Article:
Unit 2: Delivering Your Message
This unit focuses on importance of delivering your message, and examines how language can improve and diminish the effectiveness of business communications. Language plays a significant role in how you perceive and interact with the world as well as how culture, language, education, gender, race, and ethnicity all influence this dynamic process. Throughout this unit, you will discover ways to avoid miscommunication and also identify constructive ways to deliver an accurate message to a targeted audience.
Completing this unit should take you approximately 6 hours.
Upon successful completion of this unit, you will be able to:
- describe the role of language in perception and the communication process;
- explain how language is shaped by rules and how reality is shaped by language;
- develop appropriate strategies for improving verbal communication;
- identify cliches, jargon, slang, and sexist or racist language;
- employ strategies that emphasize your message; and
- critique the effectiveness of messaging in an oral or written presentation.
2.1: What Is Language?
Read these sections, which discuss the role of words in delivering your message and how language is a system of words. Idea-conveying symbols are ruled by syntax, semantics, and context – all of which require interpretation. After you read, try the exercises at the end of the section.
Watch this video, which lays the foundation for understanding and appreciating language. The lecturer chooses an interesting technique to clarify what language is and what it isn't by contrasting human language and animal "language". After you watch, see if you can summarize what makes human language distinct.
Plain language is the most effective way to communicate. Think of this as an interactive video; respond to the questions the speaker asks and compare your responses to hers. You may not have access to some of the software referred to in the video, but don't let that stand in your way.
Read this section, which discusses categorizing messages based on their importance. It also introduces the five common elements in any message, some of which you will recognize from the discussion about communication models, and all of which you will encounter later when you examine how a speech is organized. After you read, try the exercises at the end of the section.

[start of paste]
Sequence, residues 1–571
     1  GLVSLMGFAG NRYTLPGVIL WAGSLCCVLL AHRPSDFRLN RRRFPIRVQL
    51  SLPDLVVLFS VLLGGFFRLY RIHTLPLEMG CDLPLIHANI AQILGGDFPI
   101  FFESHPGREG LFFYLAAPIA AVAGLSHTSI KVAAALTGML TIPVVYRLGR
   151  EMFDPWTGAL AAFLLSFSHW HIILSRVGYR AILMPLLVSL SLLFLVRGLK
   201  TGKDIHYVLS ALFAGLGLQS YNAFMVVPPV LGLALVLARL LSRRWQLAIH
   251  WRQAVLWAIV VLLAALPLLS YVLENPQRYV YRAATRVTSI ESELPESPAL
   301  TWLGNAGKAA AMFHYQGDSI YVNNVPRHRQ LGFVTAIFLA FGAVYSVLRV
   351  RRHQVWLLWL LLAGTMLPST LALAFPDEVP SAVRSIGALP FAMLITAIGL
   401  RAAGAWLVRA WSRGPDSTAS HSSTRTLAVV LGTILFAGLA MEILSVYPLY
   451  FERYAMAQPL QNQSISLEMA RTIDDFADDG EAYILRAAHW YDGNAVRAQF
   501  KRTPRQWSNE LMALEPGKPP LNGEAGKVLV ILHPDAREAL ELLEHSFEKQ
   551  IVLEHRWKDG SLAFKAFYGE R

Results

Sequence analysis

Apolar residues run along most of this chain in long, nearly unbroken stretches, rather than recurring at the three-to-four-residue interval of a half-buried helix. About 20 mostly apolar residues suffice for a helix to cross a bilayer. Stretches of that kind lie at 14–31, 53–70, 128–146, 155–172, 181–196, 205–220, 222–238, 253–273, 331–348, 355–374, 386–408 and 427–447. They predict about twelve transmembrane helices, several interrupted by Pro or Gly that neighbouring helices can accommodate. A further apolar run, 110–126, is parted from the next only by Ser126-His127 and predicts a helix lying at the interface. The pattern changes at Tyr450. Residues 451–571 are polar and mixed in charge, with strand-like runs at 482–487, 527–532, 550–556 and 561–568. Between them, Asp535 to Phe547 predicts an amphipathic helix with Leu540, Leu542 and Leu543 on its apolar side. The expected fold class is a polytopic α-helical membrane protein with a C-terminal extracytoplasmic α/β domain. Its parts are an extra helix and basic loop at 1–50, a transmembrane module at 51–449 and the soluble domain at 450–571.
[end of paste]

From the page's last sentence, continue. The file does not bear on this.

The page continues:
Messages are at the heart of communication. Knowing what your message is, refining it to be clear, and tailoring it for specific audiences are key skills. These videos present how messages must be presented: clearly and concisely. This video focuses on reasoning, which is directly connected to messages: your reasoning becomes your messages' content. "Faulty reasoning" results in weak or erroneous messages.
This video introduces storytelling, which is the latest popular technique for developing business messages.
After you watch, consider this scenario. Your business sells sleeper sofas that can open up to become a bed for one person. Add details to the product if you need to, but focus on creating a story that would get people interested in trying or buying the sofa. Refer to the storytelling examples in the video and follow their structure in your own story. This may be an opportunity for you to use the discussion forum to interact with other students taking this course. See if your story is effective by trying it out on your colleagues.
2.3: Principles of Verbal Communication
Read this section, which goes deeper into the rules that govern language and then introduces the concept of language paradigms. These are premises that are taken as fact. This section explains how language is arbitrary, symbolic, and abstract, and how it imperfectly serves to organize and classify reality. After you read, try the exercises at the end of the section.